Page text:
Boy Scouts and boulder are in the news, spotlighting special wild places in Pennsylvania and Utah

Boulders and Boy Scouts have been in the news lately, and while all the stories are not necessarily related, they have come in a somewhat remarkable succession.

The most serious story in recent days involved a Delaware woman who was critically injured when she fell 30 feet from a boulder-strewn section of the Appalachian Trail near the famed Hawk Mountain Sanctuary.

Lara Louise Kadambi of Wilmington was in critical condition at Lehigh Valley Hospital after suffering head injuries in a fall from a ledge on Saturday. Much of what was written about the accident involved a difficult rescue operation, including a helicopter flight, to get the victim out of that rugged spot.

The Appalachian Trail runs along the top of Blue Mountain and indeed can be tricky here and there, but thousands feel that the wonders are worth the risk. Climbing over the boulders at Hawk Mountain's North Lookout is also risky, as it is at Bake Oven Knob 15 miles to the east, but those are two of the world's most spectacular locations for watching migrating eagles, hawks and other birds, especially at this time of year.

I climbed up to the Bake Oven lookout a week or two ago and did not see a single soaring raptor, but the view alone is worth the effort and the risks.

Kadambi's accident came two months after the death of a New York City woman in a similar accident at Glen Onoko Falls in Carbon County. Perla Cabral was fatally injured in a 40-foot fall from a rock wall, the latest in a number of fatalities there, and rescue efforts were also very difficult, with Jim Thorpe Fire Chief William Diehm calling for future restrictions on hiking.

When I discussed that situation on Aug. 21, I pointed out there are far more precarious spots for the thousands of visitors to Yosemite and Grand Canyon national parks and many other places, with almost no restrictions at all. Access to such marvelous locations is just too precious.

There are those who feel the imposition of safety measures is more important than the freedom to enjoy such beauty, and that brings us to a story from, Utah, in another region that is special for me.

The story of a single boulder there has created outrage all over the world.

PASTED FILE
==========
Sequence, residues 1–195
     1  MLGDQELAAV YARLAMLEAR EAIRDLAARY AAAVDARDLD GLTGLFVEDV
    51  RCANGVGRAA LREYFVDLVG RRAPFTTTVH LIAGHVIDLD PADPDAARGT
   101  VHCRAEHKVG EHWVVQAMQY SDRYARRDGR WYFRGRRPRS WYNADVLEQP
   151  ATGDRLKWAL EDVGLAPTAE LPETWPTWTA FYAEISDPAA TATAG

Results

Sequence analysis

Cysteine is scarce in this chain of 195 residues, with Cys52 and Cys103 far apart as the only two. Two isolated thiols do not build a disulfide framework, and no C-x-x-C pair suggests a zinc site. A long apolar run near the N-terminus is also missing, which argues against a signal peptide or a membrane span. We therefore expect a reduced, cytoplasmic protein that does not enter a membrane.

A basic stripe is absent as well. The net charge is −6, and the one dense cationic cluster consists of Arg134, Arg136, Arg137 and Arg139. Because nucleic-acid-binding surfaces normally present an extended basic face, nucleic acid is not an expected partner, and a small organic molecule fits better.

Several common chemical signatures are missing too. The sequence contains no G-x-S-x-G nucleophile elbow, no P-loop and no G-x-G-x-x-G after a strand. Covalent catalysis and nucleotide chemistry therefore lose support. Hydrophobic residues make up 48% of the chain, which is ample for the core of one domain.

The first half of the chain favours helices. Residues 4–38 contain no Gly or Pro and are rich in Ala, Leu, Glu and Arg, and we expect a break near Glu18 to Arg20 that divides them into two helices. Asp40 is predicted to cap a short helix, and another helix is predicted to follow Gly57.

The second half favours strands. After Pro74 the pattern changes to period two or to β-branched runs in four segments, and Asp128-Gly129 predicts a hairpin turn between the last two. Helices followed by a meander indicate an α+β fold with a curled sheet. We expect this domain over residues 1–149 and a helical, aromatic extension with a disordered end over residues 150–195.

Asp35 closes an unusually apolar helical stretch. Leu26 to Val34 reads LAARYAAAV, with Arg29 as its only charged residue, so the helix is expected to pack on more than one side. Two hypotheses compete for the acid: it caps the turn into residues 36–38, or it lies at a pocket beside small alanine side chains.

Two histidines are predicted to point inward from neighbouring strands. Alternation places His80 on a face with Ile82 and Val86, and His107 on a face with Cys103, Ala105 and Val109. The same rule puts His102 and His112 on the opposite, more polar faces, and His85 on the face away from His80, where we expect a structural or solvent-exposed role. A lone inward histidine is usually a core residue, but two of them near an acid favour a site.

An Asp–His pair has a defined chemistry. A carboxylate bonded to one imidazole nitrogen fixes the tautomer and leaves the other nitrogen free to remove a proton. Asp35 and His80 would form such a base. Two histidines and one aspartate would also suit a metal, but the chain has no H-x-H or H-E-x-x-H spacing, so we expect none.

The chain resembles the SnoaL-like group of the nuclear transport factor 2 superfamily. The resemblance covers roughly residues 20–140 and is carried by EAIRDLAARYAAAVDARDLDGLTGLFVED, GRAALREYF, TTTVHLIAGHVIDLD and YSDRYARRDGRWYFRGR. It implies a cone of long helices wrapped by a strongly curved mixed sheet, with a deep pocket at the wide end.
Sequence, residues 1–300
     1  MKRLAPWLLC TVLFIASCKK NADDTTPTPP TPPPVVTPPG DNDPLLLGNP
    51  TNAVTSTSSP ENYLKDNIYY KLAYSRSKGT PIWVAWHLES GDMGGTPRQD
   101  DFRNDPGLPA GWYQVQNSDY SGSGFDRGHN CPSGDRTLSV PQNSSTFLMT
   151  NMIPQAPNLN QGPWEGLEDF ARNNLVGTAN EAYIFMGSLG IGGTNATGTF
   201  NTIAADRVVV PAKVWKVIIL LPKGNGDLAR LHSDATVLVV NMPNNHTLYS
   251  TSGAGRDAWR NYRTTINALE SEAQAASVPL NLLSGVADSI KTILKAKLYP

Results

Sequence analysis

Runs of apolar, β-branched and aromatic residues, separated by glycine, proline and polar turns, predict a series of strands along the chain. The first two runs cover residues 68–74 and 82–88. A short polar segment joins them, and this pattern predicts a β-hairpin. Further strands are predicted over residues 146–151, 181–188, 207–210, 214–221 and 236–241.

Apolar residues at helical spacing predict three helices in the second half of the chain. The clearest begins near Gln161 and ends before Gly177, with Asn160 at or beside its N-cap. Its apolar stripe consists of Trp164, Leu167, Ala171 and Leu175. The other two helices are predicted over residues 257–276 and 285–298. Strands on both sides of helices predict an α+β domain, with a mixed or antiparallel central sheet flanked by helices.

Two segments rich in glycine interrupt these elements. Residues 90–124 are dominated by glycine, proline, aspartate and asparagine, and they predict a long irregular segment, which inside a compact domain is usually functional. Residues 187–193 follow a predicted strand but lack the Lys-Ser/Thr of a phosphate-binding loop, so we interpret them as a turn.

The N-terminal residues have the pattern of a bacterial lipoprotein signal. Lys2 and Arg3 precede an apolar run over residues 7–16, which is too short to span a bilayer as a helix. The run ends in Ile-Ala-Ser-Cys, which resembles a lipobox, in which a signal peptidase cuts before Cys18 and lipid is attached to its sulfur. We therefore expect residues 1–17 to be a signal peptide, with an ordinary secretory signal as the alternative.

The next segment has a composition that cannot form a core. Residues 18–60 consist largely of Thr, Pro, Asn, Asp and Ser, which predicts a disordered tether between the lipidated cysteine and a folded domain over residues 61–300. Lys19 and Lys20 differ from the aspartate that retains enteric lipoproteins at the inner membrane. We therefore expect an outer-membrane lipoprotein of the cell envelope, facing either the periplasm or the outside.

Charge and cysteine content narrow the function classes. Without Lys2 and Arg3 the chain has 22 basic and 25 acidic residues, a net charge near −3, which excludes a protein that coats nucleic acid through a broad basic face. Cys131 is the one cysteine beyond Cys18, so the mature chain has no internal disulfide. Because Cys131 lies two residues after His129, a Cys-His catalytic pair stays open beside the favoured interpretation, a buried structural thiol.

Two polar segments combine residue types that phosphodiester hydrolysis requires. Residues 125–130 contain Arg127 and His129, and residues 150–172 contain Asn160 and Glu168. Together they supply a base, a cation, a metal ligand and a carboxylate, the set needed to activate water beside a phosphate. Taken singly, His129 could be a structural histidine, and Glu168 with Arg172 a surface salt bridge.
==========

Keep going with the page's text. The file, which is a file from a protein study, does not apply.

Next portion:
It took millions of years for nature to make a balanced rock sculpture at Goblin Valley State Park in Utah, and it took two Boy Scout leaders less than a minute to topple it — all in the name of safety.

David Hall and Glenn Taylor — two slobs with top positions, ironically, in the Utah National Parks Boy Scout Council — videotaped themselves pushing over a rock formation at the park amid giddy high-fives and a lot of falsetto giggling and whooping.

"We have now modified Goblins Valley," squealed Hall with celebratory delight, observing that the rock could have fallen on a child, presumably at some point in the next million years. "Glenn saved his life by getting the boulder out of the way."

For me, the real celebration came with news that Hall and Taylor got booted out of the Boy Scout leadership positions after council officials found their behavior "reprehensible" and a violation of the Scout principle of "leave no trace" when enjoying nature. They also are the targets of a criminal investigation, it was reported.

Their videotape resonated with me partly because I just wrote about Boy Scouts last Friday, assailing the "Bigotry Belt" of Delaware County after a church kicked out a Boy Scout troop because the national Scout organization decided to allow gay members. In the main, however, the Utah episode affected me because it occurred in a region that's my favorite vacation destination in the whole world.

Goblin Valley is in southern Utah, not far from Natural Bridges National Monument, Glen Canyon, the Capitol Reef, Canyonlands and Arches national parks, and all sorts of other fantastic places. It was just a few years ago that my wife and I visited Arches and hiked a short distance up to Landscape Arch, a thin rock bridge that spans more than 300 feet.

Since 1991, hundreds of tons of rock have fallen from Landscape Arch in at least three separate events, the most recent shortly before we visited, and it seems possible the entire structure will collapse soon. So park officials have restricted access under the formation, although you still can get close.

If Hall and Taylor had a trace of decency, that is the approach they would have taken at Goblin Valley. Tell somebody they feared the rock might fall on somebody, so park officials could cordon off the trail under it.

The dangers in that area are real. It was just south of Canyonlands that Aron Ralston ("127 Hours") became famous by amputating his own arm in 2003 to get free after a big boulder pinned it in a narrow canyon.

The Hall and Taylor types would deal with such dangers by forcing everybody to be bored stiff, deprived of the thrills of raw nature and vegetating at home in front of a television set depicting the fictional adventures of actors. The busybodies yearn to restrict the freedom and fun of others by eliminating anything that is adventurous.

As I concluded in my Aug. 21 column, "Freedom in any form is always dangerous. So if the risks of going to a spot like Yosemite or Glen Onoko are more important to you than the chance to experience something special, then don't go."

paul.carpenter@mcall.com 610-820-6176

Paul Carpenter's commentary appears Sundays, Wednesdays and Fridays.

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